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Monkey Business Paperback – 1 Apr 2001
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About the Author
John Rolfe graduated from Virginia Tech, The University of Florida, and Wharton Business School. At Wharton, he was the editor of The Wharton Vulgarian. Following his sentence with DLJ, he spent several years working at a private investment fund. In 2001, he co-founded an equity-oriented money management firm, and today manages the firm from a top secret location deep in Vermont. He lives with his wife and two children, and is currently attempting to learn how to produce maple syrup.
Peter Troob graduated from Duke University and Harvard Business School. At Harvard, he was the humor editor for Harbus. After a gross error in judgment caused him to return to the investment banking world at DLJ, he left for the greener pastures of distressed debt investing at a private investment fund. In 2002 he co-founded a debt-oriented money management firm, which he continues to manage today. He lives with his wife and two children outside of New York City, where he can often be seen limping around the neighborhood and complaining about his bad knees.
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It gives a very realistic first-hand account what it is like working in a Bulge Bracket firm like DLJ (which was representative of most other firms). It presents the ambition and greed that drives some people to pursue careers like investment banking, the hours and all-nighters, the disillusionment over their meaningless corporate existence, and the eventual realization that $200,000 per year (or $500,000 per year for a VP) is not enough to keep them going.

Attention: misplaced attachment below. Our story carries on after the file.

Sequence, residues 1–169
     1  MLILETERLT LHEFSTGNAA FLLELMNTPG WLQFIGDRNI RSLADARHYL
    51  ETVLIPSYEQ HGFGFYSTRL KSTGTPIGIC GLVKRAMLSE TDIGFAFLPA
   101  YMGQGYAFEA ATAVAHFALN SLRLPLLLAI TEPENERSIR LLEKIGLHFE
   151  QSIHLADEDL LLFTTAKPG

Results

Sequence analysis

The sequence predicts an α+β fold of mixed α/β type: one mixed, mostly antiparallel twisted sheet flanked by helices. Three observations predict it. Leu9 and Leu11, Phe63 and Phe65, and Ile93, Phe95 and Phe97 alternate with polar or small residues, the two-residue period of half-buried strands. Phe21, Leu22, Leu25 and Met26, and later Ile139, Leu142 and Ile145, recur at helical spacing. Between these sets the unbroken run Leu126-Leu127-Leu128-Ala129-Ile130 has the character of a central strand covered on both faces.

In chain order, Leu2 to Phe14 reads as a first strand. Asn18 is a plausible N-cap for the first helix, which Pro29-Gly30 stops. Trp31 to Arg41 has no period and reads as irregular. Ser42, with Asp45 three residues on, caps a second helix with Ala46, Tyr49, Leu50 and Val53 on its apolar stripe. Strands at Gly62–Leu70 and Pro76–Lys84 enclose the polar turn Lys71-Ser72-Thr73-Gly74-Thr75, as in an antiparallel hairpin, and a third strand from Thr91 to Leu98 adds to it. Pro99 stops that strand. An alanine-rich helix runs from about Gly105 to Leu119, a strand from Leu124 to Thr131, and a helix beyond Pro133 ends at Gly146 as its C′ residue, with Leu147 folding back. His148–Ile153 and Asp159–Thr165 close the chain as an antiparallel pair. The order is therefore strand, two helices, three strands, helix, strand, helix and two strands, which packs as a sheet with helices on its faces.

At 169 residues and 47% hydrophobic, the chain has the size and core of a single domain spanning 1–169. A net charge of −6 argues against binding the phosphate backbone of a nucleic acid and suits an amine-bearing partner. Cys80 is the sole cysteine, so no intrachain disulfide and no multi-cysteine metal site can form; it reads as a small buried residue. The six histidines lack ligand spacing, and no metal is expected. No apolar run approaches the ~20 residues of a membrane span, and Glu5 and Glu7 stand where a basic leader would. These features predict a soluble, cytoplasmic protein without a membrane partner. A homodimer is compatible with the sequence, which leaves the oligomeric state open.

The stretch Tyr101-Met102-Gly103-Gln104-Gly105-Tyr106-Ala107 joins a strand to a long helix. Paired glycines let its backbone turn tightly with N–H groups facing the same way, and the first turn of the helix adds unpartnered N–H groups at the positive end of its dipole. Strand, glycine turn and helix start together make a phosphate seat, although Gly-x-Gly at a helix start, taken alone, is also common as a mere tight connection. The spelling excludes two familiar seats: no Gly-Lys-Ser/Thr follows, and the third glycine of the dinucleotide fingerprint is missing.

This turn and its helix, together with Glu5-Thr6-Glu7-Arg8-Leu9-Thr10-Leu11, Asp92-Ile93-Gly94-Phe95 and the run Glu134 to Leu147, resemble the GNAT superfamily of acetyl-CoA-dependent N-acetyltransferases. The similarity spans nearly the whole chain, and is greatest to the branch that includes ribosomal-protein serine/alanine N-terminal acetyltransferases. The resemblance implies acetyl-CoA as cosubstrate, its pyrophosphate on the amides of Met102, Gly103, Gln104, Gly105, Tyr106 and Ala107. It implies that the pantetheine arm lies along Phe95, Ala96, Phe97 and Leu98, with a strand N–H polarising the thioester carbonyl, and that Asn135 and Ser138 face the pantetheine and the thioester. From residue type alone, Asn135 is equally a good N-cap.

It is filled with humor that is not always so politically correct and it does have a sadness to it. Both eventually leave investment banking. Their views on their careers as investment bankers is filled with both disdain yet some appreciation over what they learned and the connections they made. I think their experience is representative of the fact that very few people remain in investment banking for more than a few years (the burn-out rate is very high).
This book was an easy read, but got a little redundant after the first half or 75% of the book. I would not say it is really laugh out loud funny and does lack substance I usually hope for when I read. There is no real story per se, it's just a collection of experiences that gets a little bit tiring after a while. I compare it closely to overhearing someone at a party complain about their job the entire night, it has interesting moments but in the end you decide it's more depressing than entertaining.
For those who are investment bank bound I still think this is almost a must read. Mostly so you know what to expect of each component of the process and you come in with your eyes open to what your role might entail. For people who just thought this would be a good book, I may choose some of the other business related books that have more substance.